Voice is a really exciting development and has the capacity to change search in a really big way.
We’ve seen a huge explosion in voice-led interfaces from all the big companies – think Google Home and Amazon Echo – and by all accounts we’re just getting started.
As these devices become more common in homes, the way we ask questions will change – so how do you get your website to be the answer?
The key is all in the language.
The way key phrases are structured for voice is different. Your website content needs to reflect that.
Text searches are generally more truncated. The searcher does their own editing and just searches for the key words – almost like we’re trying to make it easier for the search engine.
So, you might type:
‘Best smart light 2017’
That wouldn’t work with a voice search. For one, it would feel silly to say. It’s much more natural to phrase the question like, a, well – a question.
‘What are the best rated smart lights?’
There are a few ways to integrate this content into your website. Our favourite is a Q&A format.
It works well, as the search engines pull voice answers out in a similar way to Answer Box results.
You can host this in an FAQ section or something like that.
Optimising for voice is a good strategy for 2018, especially as consumer confidence and uptake grows – now’s the time to get set up and get ahead. You won’t find a huge sales shift this year, but starting to think voice will pay dividends in the future.
What’s the future of voice search? Well, Amazon has already hinted that there’ll be some sort of paid priority for brands to appear in voice search results.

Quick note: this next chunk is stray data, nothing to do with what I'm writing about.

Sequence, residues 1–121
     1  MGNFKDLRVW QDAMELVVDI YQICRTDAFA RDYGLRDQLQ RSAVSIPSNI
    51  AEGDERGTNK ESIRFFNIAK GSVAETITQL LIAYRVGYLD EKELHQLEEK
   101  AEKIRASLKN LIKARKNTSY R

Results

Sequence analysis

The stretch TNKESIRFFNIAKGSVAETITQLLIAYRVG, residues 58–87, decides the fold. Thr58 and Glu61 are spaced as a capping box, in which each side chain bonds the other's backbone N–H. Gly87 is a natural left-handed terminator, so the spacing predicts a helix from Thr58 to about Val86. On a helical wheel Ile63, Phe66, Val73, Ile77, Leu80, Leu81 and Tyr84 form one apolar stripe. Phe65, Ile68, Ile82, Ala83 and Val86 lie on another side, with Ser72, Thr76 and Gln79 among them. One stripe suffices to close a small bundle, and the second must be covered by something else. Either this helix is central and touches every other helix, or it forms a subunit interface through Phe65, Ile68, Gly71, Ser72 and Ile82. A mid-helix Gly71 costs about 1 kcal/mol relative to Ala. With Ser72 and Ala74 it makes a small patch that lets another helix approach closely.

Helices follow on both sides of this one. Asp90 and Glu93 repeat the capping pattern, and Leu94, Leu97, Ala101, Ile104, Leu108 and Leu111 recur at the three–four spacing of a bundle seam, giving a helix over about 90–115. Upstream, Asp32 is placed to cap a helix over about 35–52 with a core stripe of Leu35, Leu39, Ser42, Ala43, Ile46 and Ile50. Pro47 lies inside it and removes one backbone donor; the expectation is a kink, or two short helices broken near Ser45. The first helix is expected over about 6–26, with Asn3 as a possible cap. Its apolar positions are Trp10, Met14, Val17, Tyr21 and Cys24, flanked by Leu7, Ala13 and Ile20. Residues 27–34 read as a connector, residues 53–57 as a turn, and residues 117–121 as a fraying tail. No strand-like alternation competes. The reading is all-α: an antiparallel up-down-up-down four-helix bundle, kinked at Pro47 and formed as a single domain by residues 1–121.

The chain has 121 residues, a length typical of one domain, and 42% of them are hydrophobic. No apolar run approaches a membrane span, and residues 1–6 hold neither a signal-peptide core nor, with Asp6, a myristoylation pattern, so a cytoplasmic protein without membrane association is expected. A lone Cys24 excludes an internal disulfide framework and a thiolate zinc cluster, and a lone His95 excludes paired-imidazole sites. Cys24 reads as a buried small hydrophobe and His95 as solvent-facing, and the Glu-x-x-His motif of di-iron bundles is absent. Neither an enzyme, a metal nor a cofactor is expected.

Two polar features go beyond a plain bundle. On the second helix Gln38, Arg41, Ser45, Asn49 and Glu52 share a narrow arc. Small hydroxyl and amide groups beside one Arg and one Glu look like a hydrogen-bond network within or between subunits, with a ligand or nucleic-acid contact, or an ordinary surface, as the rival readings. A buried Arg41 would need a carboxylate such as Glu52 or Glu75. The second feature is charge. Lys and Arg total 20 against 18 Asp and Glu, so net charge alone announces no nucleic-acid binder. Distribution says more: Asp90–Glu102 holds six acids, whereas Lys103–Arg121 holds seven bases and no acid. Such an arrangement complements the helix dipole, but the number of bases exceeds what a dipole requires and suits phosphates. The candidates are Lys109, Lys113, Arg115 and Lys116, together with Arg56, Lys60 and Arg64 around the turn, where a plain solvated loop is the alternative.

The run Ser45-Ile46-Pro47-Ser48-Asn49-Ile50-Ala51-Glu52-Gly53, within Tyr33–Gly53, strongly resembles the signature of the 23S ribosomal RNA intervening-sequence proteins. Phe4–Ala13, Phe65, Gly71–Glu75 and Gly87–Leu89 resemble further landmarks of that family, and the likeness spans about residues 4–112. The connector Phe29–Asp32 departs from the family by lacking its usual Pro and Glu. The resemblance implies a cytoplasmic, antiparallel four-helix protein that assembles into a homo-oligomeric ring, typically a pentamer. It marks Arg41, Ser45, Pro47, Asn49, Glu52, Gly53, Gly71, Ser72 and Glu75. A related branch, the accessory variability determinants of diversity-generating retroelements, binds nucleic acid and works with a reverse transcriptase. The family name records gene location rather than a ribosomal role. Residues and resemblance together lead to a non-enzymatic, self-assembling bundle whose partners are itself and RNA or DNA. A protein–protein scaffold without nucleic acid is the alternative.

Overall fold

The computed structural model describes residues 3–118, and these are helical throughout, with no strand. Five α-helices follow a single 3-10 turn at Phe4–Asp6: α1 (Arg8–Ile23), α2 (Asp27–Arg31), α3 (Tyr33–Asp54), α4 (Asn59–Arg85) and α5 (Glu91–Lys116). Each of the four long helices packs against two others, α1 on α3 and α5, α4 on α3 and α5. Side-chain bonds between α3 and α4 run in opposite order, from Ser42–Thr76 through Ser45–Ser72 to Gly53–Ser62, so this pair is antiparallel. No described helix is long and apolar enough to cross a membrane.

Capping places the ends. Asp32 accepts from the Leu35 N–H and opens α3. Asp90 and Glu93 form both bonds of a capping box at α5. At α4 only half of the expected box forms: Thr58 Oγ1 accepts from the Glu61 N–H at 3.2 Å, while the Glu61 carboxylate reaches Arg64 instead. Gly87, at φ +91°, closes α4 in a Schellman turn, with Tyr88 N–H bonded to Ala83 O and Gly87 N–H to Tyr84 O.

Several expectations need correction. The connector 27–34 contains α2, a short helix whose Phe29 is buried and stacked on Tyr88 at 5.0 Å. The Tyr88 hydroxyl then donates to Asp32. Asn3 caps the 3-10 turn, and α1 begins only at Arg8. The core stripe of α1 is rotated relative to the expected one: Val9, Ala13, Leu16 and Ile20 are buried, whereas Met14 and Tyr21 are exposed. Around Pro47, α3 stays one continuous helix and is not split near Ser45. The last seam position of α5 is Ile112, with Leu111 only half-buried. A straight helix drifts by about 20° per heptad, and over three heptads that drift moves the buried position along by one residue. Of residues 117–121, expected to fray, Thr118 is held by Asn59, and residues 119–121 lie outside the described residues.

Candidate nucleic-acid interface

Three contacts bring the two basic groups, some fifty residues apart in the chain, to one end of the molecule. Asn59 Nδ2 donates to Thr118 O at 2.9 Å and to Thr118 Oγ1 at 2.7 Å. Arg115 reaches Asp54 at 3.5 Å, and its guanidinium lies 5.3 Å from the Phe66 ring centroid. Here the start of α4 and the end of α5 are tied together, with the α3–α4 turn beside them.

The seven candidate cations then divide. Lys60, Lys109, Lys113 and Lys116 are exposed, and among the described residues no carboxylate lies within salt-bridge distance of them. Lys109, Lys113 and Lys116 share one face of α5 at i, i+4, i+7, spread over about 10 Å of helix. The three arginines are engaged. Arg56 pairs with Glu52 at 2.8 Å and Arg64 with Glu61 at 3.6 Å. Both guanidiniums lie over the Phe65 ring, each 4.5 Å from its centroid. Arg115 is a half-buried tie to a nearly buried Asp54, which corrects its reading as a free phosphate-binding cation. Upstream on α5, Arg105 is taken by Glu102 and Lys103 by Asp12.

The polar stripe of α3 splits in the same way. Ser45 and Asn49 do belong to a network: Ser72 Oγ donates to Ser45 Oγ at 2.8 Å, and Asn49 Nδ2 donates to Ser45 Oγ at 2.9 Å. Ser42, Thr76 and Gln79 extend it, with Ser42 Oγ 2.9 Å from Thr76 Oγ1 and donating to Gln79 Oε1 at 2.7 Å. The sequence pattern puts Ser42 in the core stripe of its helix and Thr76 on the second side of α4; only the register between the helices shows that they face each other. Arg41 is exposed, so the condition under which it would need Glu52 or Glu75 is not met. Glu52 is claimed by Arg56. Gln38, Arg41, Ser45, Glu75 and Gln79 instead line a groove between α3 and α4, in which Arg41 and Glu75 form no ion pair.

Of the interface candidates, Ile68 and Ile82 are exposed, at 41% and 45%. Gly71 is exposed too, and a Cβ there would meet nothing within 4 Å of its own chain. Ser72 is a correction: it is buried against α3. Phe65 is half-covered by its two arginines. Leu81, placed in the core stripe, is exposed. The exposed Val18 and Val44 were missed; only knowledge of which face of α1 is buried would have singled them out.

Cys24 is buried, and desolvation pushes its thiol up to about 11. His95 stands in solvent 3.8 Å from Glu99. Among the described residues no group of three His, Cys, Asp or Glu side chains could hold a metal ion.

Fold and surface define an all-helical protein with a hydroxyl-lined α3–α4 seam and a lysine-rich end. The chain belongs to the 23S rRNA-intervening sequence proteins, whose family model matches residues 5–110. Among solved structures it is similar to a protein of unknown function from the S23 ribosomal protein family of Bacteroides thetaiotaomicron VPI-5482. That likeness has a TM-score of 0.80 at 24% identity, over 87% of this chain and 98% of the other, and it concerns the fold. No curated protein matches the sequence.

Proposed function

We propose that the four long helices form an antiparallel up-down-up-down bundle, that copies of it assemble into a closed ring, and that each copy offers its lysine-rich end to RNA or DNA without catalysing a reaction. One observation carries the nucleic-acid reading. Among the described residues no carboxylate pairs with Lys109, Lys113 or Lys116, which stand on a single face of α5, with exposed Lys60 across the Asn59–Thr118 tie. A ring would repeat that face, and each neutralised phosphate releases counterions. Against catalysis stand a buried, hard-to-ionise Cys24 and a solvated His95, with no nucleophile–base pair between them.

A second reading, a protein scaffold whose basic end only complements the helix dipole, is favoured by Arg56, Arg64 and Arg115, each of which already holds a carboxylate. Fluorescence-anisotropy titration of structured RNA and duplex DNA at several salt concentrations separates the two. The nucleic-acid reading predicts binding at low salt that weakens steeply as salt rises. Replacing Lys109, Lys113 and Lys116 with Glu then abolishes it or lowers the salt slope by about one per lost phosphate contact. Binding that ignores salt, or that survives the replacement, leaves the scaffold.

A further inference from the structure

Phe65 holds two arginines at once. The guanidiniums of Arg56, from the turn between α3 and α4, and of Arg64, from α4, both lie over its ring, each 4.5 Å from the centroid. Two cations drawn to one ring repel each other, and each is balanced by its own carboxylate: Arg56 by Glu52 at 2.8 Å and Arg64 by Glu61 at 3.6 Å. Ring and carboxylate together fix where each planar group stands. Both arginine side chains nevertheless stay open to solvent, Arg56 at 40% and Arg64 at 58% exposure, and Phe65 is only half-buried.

What to take away: Get set up for voice search now and you’ll get ahead of the pack later down the line, whilst being seen as an early adopter now.
5. Competitor analysis
Tracking rank isn’t always a simple exercise – it’s hard to know the complete picture of keyphrases that are driving sales. However, you can get a really good idea of what’s making competitors SEO strategies tick by monitoring their rank alongside yours.
Start with a broad keyphrase list and look over their websites to see the types of phrases they are using in the title tag on key category and product pages or other content-based areas. This will give you a clue to their strategy – remember; for them to rank, the words must be on the pages in the first place!
By tracking rank you’ll be able to understand where they are making gains and compare this against your own performance.
Importantly, you’ll also be able to see where they have holes in their presence and this will give you opportunities for ranking yourself. It’ll also show what content of theirs is working well.
What to take away: Keep an eye on your competitors and understand what is working for them. But don’t just follow them, use this knowledge to better them!
6. User journeys
We can sometimes think about search in silos and treat those strategies separately.
Think about how you can own the search space for a few key phrases that are most valuable to you. A land-grab, if you will.
You could be discovered through a video, local search, Google shopping, a paid ad, answer box results – there are loads of different ways someone will come across your brand, and you should be thinking about all of them.
Think about shopping, image, video, news, rich snippets, appearing on review websites, getting on other websites that rank for the phrase and paid adverts. Then perhaps look to display marketing on publishing websites that rank for your target phrase.
Once you start to saturate those key phrases, you can grow from there. If your brand is there every step of the way, those touch points build trust and the consumer will associate you with that decision.
And it might sound boring, but it’s a worthwhile exercise to go through and revisit all your meta descriptions and really work on the messaging. Think about how they come across. Would you write them differently if they were a paid ad? Sometimes some snappy copy is what gets the click.
What to take away: Pick your keywords carefully, and hammer them across multiple areas. Then get in the user’s shoes and make sure the journey makes sense once they get to you.